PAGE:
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    Brett Anderson

    Snowstorm Totals and Another Visit by the Polar Vortex

    1/23/2014, 10:50:34 AM

    I am not doing my normal schedule today as I am holding a series of seminars for our forecasting staff about the extreme weather events that impacted parts of Canada during 2013. Two of those events were the Alberta and Toronto floods. We also looked at the December ice storm in the east and the December blizzard in Alberta.

    What is amazing is that the two floods were the first and third most costly natural disasters in Canadian history (insurance dollars) and they occurred in the same year!

    Also, I just read that Canadian insurers paid out a record $3.2 billion in claims for 2013 due to the weather. Hopefully, things will settle down for 2014.


    Snowstorm recap....

    The storm that brought the heavy snow and strong winds to parts of the Maritimes is now beginning to move away from Newfoundland. Here are some of the snowfall totals for the Maritimes....

    Charlottetown, PEI.... 37 cm Sydney, NS..... 30 cm Yarmouth, NS..... 29 cm Greenwood, NS.... 27 cm Dartmouth, NS..... 26 cm Halifax, NS... 24 cm Moncton, NB..... 15 cm Saint John, NB.... 13 cm Summerside, PEI.... 12 cm


    Cold and clippers

    The polar vortex will get displaced unusually far to the south once again by this weekend and will be centered over the James Bay region Saturday and Sunday.


    In addition to a reinforcing shot of Arctic air into the eastern half of the country as series of storm systems and fronts will also bring some snow and gusty winds.

    The first system will produce a large area of snow showers and heavier squalls Friday night into Saturday across Ontario and Quebec.


    Travel conditions across Ontario and Quebec Friday night into Saturday will not be very good due to a combination of snow, sub-freezing temperatures, blowing/drifting, gusty winds and poor visibility. Expect travel delays.

    In terms of snowfall, most areas in eastern Canada will get anywhere from 4 to as much as 10 cm of snow from Friday night through Saturday.

    There will also be a brief period of lake-effect snow Saturday night into early Sunday morning downwind of the lakes. It looks like the wind direction will be from the 270-280 range for the snow bands.

    By Saturday evening and Saturday night, more moist air will be drawn northward into the system resulting in some heavier bursts of snow over interior New Brunswick, while any snow will change to rain over PEI and Nova Scotia Saturday evening as southerly winds produce enough warming in the low-levels.

    Snowfall by Sunday morning could reach 15-20 cm over a large part of New Brunswick.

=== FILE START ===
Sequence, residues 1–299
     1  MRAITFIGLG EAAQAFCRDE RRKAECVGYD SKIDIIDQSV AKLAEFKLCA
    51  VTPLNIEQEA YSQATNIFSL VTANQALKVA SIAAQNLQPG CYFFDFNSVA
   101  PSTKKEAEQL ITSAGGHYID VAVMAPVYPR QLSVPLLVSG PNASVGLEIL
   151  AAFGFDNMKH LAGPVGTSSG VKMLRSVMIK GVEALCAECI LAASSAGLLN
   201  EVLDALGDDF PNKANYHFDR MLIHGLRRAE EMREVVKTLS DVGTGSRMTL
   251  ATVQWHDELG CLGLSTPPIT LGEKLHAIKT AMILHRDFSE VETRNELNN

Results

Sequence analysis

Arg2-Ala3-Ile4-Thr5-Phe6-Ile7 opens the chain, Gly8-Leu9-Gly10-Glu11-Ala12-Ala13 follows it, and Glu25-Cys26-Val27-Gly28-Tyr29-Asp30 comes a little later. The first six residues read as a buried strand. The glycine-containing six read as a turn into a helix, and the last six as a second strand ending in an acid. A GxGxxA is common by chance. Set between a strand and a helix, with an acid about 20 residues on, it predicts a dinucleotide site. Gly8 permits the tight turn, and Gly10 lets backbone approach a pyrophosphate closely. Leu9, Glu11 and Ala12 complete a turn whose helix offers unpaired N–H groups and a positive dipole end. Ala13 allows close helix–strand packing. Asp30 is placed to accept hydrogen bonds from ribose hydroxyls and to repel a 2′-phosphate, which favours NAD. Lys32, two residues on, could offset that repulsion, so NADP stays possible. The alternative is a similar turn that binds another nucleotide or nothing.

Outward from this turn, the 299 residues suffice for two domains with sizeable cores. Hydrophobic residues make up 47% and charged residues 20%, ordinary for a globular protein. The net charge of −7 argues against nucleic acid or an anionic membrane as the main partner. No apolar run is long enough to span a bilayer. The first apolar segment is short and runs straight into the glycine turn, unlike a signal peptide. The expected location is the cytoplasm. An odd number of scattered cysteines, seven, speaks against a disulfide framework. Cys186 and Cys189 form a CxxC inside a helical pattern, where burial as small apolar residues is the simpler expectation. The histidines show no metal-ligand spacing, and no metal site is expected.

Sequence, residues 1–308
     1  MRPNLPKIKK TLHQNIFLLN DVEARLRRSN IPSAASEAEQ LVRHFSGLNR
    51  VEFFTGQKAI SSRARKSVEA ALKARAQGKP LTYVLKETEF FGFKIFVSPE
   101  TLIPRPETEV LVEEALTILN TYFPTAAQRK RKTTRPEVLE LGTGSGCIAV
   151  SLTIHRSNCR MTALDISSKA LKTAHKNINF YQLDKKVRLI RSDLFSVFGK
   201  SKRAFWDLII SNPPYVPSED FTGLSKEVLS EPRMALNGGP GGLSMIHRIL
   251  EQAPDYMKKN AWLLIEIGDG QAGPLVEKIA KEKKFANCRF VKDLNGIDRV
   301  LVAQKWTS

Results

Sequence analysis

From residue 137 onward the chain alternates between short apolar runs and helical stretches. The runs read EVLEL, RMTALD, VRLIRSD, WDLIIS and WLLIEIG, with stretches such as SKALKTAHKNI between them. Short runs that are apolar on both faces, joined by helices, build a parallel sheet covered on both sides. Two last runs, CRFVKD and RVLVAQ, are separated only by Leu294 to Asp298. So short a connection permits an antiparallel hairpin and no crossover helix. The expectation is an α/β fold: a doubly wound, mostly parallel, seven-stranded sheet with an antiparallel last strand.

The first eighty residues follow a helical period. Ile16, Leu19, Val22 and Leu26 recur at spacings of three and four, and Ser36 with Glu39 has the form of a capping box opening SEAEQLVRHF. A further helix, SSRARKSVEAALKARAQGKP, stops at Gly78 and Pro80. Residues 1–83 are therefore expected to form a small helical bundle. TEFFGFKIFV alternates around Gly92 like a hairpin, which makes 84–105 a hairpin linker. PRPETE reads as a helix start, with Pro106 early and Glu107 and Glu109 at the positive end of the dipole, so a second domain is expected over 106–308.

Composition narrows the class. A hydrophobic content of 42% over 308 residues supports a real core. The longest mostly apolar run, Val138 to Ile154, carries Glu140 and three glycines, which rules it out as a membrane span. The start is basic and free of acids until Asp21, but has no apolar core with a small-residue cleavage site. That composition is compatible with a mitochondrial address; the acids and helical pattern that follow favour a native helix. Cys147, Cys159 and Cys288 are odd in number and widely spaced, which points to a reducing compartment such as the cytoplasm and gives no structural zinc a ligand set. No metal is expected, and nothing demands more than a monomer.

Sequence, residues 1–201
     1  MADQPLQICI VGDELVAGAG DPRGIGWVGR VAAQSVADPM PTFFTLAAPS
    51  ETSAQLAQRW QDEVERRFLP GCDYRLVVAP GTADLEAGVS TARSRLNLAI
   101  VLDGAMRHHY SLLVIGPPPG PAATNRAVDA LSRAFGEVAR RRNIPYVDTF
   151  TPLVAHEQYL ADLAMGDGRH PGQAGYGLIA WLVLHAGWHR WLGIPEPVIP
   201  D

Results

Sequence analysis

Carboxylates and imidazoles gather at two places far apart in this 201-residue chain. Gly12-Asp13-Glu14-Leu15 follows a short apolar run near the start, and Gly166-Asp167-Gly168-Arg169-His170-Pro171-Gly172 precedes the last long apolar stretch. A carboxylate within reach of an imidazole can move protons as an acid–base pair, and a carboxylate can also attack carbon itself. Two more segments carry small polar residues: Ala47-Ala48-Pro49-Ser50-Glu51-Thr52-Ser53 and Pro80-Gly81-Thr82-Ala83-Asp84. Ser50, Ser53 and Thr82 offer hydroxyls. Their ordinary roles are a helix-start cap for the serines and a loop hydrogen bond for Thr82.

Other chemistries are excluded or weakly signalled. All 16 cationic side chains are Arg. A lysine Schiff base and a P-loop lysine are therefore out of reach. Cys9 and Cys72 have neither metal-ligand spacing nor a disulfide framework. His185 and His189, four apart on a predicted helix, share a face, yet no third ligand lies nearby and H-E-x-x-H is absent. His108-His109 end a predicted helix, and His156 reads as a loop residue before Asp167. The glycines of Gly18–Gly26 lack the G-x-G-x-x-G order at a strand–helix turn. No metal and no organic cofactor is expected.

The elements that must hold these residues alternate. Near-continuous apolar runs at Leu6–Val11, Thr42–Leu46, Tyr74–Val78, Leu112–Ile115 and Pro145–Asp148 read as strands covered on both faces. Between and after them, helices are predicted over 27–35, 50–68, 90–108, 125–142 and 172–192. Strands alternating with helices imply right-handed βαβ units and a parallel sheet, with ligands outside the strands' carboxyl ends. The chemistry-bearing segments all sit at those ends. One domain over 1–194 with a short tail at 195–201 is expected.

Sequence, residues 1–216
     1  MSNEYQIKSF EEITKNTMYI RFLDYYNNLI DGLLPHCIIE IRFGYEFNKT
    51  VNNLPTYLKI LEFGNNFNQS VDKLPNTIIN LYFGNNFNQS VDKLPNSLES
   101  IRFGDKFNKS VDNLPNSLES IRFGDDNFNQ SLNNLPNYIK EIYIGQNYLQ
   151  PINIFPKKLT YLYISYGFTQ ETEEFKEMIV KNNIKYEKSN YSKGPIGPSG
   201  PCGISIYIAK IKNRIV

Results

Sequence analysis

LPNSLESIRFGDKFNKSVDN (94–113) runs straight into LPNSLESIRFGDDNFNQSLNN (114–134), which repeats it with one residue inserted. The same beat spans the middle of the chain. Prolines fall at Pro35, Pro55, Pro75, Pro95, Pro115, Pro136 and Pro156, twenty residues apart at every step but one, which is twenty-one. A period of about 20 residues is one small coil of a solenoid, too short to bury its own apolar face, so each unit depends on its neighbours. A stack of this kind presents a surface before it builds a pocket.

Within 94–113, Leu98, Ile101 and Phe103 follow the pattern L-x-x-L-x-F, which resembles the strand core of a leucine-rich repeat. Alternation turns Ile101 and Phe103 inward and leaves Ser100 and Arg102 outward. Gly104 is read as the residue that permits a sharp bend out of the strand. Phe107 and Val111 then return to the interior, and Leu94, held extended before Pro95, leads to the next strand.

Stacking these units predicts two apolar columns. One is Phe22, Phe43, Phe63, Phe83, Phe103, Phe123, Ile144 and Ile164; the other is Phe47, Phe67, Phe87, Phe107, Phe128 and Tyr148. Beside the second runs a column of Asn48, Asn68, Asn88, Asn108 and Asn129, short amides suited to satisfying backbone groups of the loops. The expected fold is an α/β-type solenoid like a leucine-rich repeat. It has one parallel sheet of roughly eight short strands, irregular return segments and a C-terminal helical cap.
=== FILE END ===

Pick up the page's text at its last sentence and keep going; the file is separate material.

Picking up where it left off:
Another Clipper storm

    Another clipper storm will dive southeast through the Prairies on Saturday and will bring a swath of accumulating snow to eastern Saskatchewan and southern Manitoba Saturday into Saturday night. Snowfall will average 2-8 cm for most places; however, behind this clipper, stronger north to northwest winds will bring in another blast of bitterly cold air into the Prairies Sunday into Tuesday. Daytime temperatures in Winnipeg on Monday will probably not get above minus 25 C.

    This clipper will then take aim at eastern Canada on Sunday. At this time, computer models are still all over the place in terms of the track/intensity, which is critical to how much snow there will be.

    The heaviest snow with this clipper will be out ahead and just north of the track. South of the track, there will be a heavier burst of snow then more like snow showers.

    At this point, I think the greatest potential for 10 cm or more of snow will be along and north of a line from Sarnia to Toronto then up toward Ottawa and Montreal.

    Behind the clipper, the Arctic air will return and I expect a significant outbreak of lake-effect snow with a mostly west-northwest to eat-southeast snow band orientation, which would likely keep the heaviest snow north of London, Ontario, but dump on ski country to the north.

    The clipper will intensify as it moves into New Brunswick Monday with the potential for over 10 cm of snow from New Brunswick to PEI and the northern half of Nova Scotia.


    There are indications that the strong, blocking eastern Pacific ridge will retrograde back to the northwest into Alaska late next week. If this happens, then there is an opening for some of the cold air to get back into southern British Columbia.


    I will post some pictures from my recent ski trip up into Ontario tomorrow.

    The views expressed are those of the author and not necessarily those of AccuWeather, Inc. or AccuWeather.com


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